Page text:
Several days ago, I was in Jos, my hometown, out walking in our neighborhood with my Uncle M around 7 in the morning. As we were circling back toward the house, we approached a woman selling kose (bean cakes) by the roadside. My Uncle offered to buy me some for breakfast. I was delighted – they are a sweet childhood food. As the woman prepared to re-heat the bean cakes and then wrap them up for us, I looked down and noticed a pile of newspapers. On the top was an article about the esteemed Nigerian writer Chinua Achebe’s memoir of his experience of the Biafran War, There was a Country, complete with three photos: one of him, one of the cover of the book, and another alongside a photo of Professor Wole Soyinka, Nigeria’s Nobel laureate for Literature. Getting my Uncle’s OK. I grabbed the newspaper, lest the woman choose to use this piece of newsprint to put our breakfast in.
Reading the article at home – it was from The Nation and dated Feb 20, 2013 – I discovered it was a piece about a reading of There was a Country hosted by the Rainbow Book Club of Port Harcourt. Port Harcourt has been declared by UNESCO as World Book Capital for 2014. (I’ve not yet read the book yet but was thrilled to see it on sale at Abuja Airport on Monday and picked up a copy). From the account, Achebe’s personal take on the war is controversial. Some feel he’s given Ibos an inflated view of themselves.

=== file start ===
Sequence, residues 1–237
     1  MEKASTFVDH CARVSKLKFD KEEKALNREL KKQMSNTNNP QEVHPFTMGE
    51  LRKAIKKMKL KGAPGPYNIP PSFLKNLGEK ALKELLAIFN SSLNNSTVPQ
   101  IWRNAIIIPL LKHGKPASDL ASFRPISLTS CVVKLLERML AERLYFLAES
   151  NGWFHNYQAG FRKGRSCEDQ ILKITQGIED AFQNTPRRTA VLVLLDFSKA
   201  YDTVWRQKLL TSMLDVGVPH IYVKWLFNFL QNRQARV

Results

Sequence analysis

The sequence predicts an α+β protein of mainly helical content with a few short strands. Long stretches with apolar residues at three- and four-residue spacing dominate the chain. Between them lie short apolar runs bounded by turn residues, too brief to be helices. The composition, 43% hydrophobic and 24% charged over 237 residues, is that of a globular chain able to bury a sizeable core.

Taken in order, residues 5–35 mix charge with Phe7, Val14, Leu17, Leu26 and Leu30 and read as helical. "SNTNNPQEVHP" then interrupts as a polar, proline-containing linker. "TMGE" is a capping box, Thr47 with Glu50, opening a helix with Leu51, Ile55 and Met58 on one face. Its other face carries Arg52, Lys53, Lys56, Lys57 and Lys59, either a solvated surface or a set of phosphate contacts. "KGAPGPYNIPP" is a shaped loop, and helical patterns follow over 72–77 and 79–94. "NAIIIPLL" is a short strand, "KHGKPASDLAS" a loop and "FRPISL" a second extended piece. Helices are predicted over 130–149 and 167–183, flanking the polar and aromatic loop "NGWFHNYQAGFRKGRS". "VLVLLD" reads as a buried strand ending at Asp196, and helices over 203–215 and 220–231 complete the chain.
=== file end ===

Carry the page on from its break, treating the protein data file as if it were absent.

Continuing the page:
I was then even more tickled to read a quote in the article from Mrs. Judy N. Aunty Judy is an American who met her husband at Oxford, attended my parent’s wedding in London in 1959 (!) and moved to Port Harcourt later that year. (She, like my mother, is now an expatriate widow.) She and her husband lived through the war – his law books were burned by the Biafrans and at one point, he spent time in jail. In the piece, she encouraged us to read as many accounts of the Civil War in Nigeria as possible because one person’s account cannot adequately capture the numerous complexities of war. Wise words from a woman who’s made her home in southern Nigeria for over half a century.